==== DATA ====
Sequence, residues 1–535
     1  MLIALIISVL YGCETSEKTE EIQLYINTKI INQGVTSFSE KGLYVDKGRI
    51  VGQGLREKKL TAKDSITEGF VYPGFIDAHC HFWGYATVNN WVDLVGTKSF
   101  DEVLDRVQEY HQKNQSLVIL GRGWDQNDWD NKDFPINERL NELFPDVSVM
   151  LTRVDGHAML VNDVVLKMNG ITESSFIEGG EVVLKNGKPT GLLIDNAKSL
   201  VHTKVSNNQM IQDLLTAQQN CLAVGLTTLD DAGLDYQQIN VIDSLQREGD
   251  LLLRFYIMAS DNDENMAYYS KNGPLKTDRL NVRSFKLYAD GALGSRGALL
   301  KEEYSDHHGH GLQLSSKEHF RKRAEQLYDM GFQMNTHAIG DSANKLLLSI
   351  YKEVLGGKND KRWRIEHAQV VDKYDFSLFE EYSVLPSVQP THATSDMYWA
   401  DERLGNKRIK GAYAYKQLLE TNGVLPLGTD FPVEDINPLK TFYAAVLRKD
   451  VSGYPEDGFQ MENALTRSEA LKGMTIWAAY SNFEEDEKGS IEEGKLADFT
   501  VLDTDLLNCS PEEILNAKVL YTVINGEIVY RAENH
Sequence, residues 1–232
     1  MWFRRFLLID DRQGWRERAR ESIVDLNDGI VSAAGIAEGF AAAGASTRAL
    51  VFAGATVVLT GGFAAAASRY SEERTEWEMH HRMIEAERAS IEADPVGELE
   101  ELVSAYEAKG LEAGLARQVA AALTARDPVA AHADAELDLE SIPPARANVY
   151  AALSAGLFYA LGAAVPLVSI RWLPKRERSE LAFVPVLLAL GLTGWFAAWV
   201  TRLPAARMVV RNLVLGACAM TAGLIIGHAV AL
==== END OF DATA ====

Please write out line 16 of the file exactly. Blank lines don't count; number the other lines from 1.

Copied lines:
   101  ELVSAYEAKG LEAGLARQVA AALTARDPVA AHADAELDLE SIPPARANVY